My Years on the Penfield Planning Board or, What I Learned about Local Government

By Barbara Rickman Power

In the late 1980s, when I moved to Penfield with my then-husband, two children, and dog, I had my own ideas on how to help Penfield retain the characteristics that made it attractive to us.  I was very willing to share my opinions and observations whenever the opportunity came up during discussions with friends and neighbors.

One friend passed my name along to former Penfield Town Supervisor, the late Donald Mack. The result was that a few months after we moved in, I found myself on the Penfield Conservation Board. The Conservation Board serves in an advisory capacity, offering opinions on whether or not a proposed development met the Penfield Environmental Quality Review (PEQR). This local legislation predated the NY State Environmental Quality Review (SEQR), thanks to the work of Irene Gossin as supervisor and environmentalist.

I learned that not all developments need PEQR. I also learned that although the members of the Conservation Board—all well-meaning citizens who cared about the town—could offer opinions, nothing was binding. The big lesson I learned was that to have an impact on land-use in Penfield, a person needed to be appointed to either the Planning Board or the Zoning Board of Appeals. Once appointed, members of these boards are supposed to be free of political pressure and constraints. It is the local version of checks and balances.

My appointment to the Planning Board took place in November of 1988. Another thing I learned about the Planning Board—and I believe the ZBA has similar expectations—is that there is work involved. I spent between five and ten hours a week on Planning Board work, including reading, site visits, and meetings.

Every two weeks, several days before the meeting, each member would receive a pack of site maps, building plans (if needed), engineering detail along with the developer’s project description. Some developments involved splitting off a parcel of and from a farm so a child could build a home on family land. In those cases, the application was sufficient.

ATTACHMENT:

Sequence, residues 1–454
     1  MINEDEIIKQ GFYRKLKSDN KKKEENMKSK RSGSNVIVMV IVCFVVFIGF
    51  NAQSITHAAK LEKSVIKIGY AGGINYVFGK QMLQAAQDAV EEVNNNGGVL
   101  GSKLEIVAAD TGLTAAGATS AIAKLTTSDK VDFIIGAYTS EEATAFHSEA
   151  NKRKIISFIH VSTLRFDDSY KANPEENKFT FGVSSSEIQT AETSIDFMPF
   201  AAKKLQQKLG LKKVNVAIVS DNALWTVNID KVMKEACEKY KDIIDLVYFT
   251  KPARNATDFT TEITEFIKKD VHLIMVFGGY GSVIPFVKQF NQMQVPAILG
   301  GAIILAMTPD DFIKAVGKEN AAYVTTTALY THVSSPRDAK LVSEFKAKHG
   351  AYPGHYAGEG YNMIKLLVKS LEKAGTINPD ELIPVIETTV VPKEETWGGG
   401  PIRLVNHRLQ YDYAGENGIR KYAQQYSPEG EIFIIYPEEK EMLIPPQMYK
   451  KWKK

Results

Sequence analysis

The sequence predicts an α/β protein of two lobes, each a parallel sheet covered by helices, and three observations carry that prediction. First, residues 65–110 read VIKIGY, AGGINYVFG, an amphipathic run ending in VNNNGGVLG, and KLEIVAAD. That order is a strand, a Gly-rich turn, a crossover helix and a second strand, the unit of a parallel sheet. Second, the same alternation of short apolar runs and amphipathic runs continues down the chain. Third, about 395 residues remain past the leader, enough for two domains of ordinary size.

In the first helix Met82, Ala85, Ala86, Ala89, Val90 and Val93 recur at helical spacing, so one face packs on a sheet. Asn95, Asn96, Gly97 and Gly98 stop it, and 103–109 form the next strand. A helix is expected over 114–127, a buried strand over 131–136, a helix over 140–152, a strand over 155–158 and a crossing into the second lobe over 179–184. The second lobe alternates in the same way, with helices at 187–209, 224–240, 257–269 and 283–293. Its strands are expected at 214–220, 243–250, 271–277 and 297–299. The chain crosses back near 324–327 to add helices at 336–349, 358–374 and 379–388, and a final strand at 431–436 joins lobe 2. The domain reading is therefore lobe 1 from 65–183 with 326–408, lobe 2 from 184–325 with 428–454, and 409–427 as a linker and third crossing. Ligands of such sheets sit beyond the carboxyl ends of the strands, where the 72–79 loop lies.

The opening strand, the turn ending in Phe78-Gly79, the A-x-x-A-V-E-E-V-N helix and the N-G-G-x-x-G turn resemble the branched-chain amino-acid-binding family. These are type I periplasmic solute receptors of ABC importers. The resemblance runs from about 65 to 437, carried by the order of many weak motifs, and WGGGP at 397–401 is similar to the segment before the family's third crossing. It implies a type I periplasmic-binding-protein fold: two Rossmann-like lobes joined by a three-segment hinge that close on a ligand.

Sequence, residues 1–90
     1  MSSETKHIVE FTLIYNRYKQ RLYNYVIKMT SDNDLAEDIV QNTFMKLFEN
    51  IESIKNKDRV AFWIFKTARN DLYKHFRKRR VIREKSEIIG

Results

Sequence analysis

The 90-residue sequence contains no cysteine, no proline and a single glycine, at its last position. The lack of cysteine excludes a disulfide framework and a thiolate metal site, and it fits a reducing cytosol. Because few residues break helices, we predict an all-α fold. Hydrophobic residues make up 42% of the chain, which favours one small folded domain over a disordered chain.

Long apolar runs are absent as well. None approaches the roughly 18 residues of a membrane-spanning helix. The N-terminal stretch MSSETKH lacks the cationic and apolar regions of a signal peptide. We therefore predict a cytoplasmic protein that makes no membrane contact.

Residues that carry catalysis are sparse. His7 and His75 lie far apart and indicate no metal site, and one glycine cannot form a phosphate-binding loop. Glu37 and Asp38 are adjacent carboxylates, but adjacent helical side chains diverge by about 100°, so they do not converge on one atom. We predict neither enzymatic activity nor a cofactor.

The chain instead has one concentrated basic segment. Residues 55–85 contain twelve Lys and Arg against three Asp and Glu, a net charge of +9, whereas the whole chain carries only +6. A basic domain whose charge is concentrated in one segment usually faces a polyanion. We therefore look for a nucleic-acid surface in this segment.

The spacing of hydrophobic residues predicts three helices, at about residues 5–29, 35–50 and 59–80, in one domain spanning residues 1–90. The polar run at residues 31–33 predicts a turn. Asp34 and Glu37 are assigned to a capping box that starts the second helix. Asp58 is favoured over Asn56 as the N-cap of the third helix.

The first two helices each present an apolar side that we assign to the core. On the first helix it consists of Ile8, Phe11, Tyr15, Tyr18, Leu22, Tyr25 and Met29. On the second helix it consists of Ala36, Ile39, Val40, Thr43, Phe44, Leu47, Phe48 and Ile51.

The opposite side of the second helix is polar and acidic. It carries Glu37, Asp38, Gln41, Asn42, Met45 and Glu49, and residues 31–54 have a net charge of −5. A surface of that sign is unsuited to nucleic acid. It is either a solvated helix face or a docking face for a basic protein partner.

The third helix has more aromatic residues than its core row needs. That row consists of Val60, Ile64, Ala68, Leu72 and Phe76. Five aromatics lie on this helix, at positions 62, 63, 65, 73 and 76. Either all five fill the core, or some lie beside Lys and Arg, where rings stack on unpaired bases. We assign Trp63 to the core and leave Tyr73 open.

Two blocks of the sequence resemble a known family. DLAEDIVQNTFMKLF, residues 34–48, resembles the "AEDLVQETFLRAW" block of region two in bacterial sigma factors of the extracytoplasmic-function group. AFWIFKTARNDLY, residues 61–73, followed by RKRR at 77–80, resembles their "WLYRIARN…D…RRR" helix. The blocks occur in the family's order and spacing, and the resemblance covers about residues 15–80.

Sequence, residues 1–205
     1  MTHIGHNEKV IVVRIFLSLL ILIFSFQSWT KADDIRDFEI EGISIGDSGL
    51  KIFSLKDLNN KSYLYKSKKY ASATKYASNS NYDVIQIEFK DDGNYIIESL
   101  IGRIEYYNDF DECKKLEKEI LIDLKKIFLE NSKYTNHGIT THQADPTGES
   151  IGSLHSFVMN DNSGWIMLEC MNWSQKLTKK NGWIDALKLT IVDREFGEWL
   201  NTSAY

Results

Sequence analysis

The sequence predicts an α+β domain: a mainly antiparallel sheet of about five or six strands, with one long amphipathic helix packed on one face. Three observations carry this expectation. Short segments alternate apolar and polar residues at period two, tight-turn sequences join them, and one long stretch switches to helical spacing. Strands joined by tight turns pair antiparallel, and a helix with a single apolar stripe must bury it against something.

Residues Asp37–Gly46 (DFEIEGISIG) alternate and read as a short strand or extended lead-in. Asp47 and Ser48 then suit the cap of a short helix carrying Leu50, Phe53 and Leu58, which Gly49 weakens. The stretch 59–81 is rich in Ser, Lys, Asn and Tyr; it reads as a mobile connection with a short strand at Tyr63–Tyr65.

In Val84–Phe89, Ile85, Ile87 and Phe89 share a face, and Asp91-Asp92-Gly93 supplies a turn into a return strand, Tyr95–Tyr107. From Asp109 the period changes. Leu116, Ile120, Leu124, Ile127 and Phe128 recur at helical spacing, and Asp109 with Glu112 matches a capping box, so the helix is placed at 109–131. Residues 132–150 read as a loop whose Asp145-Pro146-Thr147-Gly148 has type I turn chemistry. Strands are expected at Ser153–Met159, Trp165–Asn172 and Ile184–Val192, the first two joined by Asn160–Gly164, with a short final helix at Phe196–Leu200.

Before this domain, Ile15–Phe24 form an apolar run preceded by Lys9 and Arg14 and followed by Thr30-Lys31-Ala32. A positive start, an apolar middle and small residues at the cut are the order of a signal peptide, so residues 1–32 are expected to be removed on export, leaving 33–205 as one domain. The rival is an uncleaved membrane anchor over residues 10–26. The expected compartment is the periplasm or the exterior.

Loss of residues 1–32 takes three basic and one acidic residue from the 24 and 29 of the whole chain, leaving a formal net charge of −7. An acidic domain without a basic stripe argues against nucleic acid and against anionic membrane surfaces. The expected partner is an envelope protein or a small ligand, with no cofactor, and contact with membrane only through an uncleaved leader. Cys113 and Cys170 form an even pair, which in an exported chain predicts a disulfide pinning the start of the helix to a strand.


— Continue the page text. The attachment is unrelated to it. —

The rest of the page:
The board needed to read the documents, at least drive by the site, if not get out and walk it to see the terrain, notice the water table, see what was visible from different points along the property lines and what people from neighboring properties would see on the site. We also needed to know which parts of the Penfield Zoning Code applied for each development. Was there a steep slope where there would be a driveway, what did the Zoning Code say about the maximum degree of slope? Were there steep slopes near the building sites? What was the developer required to do to protect the slopes and prevent run-off?

Helping me manage the learning curve were the other board members and the supportive staff from the town, ranging from the clerk and the secretary, both members of the town’s Planning Department, the town attorney for Planning and the town engineer. For two evenings a month, we reviewed applications, discussing the pros and cons of each project, and finally arriving at a consensus. Because we had to work with each other, we were able to disagree without being disagreeable, and we always parted as friends.